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Hyundai aims to expedite anti-theft software following social media-fueled crime wave

This week, the manufacturer is setting up a mobile service facility in Washington, D.C., for owners of the impacted vehicles.

In response to a national crime wave fueled by social media, Hyundai wants to accelerate the release of a software patch to secure its vehicles from being targeted by thieves.

This week, the manufacturer is setting up a mobile service facility in Washington, D.C., for owners of the impacted vehicles who live up to 25 miles from Robert F. Kennedy Memorial Stadium, where the event will occur.

Ira Gabriel, a spokesman for the company, claims that 37,000 Hyundai owners received an email informing them about the opportunity.

The service facility will occupy two of the stadium’s parking lots. Additionally, on-site technicians will upgrade, install and finish the software upgrade. Hyundai also expects the entire process to take around an hour.

Gabriel stated that the clinic is the first in what may be a series of affairs and is in response to its dealer network being flooded with requests for software updates.

Hyundai stated that the clinic is “Intended to complement Hyundai’s nationwide network of dealerships and drive further installations of Hyundai’s free anti-theft software upgrade for customers who continue to be affected by the thefts.”

The upgrades are part of a campaign launched by Hyundai and Kia in February to safeguard 7 million of their cars from the 2011 to 2022 model years that are vulnerable to hotwiring because they lack engine immobilizers. This theft-prevention technology prevents a car from starting without the key in the ignition.

The patch covers the majority of the impacted vehicles. However, roughly 700,000 Hyundai and 1.3 million Kia vehicles are not eligible for the software update because they are missing an internal alarm system, which the upgrade improves.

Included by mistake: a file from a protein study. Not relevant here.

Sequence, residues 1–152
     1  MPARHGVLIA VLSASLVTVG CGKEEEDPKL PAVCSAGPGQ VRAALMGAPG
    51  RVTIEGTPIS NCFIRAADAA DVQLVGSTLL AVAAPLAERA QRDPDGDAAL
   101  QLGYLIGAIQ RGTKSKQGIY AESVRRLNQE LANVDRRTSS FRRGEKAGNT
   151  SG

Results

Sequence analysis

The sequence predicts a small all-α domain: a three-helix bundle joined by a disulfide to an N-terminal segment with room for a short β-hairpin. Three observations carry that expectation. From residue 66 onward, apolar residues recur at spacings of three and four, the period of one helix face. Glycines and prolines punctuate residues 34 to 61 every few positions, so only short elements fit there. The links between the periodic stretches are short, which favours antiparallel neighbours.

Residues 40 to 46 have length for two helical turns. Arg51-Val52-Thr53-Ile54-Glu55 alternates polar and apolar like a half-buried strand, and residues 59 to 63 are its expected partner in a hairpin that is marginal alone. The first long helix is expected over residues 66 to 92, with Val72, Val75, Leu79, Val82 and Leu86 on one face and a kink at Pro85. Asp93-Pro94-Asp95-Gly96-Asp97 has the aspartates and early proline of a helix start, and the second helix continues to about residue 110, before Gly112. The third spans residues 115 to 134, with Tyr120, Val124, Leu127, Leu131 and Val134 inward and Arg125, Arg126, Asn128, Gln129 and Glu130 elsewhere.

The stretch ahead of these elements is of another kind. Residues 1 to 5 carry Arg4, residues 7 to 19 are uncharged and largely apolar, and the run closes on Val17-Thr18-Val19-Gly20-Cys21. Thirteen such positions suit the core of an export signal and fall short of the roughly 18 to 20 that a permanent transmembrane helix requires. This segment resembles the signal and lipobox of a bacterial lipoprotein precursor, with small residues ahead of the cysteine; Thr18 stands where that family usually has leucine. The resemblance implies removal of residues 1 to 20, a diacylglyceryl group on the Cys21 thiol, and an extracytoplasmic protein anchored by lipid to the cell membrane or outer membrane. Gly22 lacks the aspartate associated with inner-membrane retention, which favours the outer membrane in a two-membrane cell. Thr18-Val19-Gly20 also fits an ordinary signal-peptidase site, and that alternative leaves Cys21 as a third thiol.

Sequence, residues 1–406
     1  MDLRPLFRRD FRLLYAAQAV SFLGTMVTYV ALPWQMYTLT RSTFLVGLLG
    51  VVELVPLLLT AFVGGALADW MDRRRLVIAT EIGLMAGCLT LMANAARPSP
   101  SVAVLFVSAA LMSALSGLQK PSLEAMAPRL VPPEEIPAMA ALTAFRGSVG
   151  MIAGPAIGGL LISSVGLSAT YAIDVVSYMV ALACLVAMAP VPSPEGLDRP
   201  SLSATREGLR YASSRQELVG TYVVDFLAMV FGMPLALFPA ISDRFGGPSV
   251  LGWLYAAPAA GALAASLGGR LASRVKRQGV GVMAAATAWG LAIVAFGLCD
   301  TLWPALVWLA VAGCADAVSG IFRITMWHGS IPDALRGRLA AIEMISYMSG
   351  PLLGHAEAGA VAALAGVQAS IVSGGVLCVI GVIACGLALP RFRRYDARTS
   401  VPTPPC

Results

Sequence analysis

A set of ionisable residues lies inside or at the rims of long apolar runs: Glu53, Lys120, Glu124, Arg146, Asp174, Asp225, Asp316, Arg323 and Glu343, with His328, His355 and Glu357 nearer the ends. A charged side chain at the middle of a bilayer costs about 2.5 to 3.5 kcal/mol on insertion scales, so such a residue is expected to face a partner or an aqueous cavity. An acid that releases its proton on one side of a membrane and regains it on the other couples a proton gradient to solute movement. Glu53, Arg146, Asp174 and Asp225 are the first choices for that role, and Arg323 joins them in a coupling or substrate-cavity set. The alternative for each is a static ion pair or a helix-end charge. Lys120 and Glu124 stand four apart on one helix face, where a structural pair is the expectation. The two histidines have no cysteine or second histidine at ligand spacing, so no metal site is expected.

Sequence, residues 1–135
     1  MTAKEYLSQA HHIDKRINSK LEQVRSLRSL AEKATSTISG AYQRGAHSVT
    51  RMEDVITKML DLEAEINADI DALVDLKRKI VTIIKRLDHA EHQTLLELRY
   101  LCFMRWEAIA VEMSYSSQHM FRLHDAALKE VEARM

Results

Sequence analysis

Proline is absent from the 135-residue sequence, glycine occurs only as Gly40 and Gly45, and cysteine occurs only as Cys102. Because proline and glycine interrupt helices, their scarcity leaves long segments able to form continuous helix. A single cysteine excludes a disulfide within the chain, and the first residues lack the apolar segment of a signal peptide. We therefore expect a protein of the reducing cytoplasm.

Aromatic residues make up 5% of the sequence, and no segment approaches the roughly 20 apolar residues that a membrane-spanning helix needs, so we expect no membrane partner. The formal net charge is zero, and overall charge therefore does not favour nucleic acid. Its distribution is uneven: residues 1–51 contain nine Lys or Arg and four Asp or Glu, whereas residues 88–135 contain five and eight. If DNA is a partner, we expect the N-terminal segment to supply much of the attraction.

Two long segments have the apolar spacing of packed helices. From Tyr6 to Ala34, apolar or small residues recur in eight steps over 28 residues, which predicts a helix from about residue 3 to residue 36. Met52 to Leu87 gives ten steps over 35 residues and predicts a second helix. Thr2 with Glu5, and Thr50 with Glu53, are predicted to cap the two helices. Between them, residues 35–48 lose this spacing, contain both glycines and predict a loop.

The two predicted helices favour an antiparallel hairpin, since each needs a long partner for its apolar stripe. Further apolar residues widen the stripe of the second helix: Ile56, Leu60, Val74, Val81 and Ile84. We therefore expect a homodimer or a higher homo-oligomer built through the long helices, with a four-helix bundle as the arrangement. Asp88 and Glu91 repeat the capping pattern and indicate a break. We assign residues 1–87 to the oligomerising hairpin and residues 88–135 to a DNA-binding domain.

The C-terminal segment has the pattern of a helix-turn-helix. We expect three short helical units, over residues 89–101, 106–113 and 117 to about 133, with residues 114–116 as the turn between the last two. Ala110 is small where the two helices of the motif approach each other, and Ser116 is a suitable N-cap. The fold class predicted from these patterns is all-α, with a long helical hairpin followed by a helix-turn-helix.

Ultimately, the company has given vehicle owners complimentary steering wheel locks to reduce exposure to the issues. However, several secondary parties are still issuing lawsuits for the company, which includes 68 insurance companies claiming the easily stolen vehicles are costing them millions of dollars.

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Jaelyn Campbell
Jaelyn Campbell
Jaelyn Campbell is a staff writer/reporter for CBT News. She is a recent honors cum laude graduate with a BFA in Mass Media from Valdosta State University. Jaelyn is an enthusiastic creator with more than four years of experience in corporate communications, editing, broadcasting, and writing. Her articles in The Spectator, her hometown newspaper, changed how people perceive virtual reality. She connects her readers to the facts while providing them a voice to understand the challenges of being an entrepreneur in the digital world.

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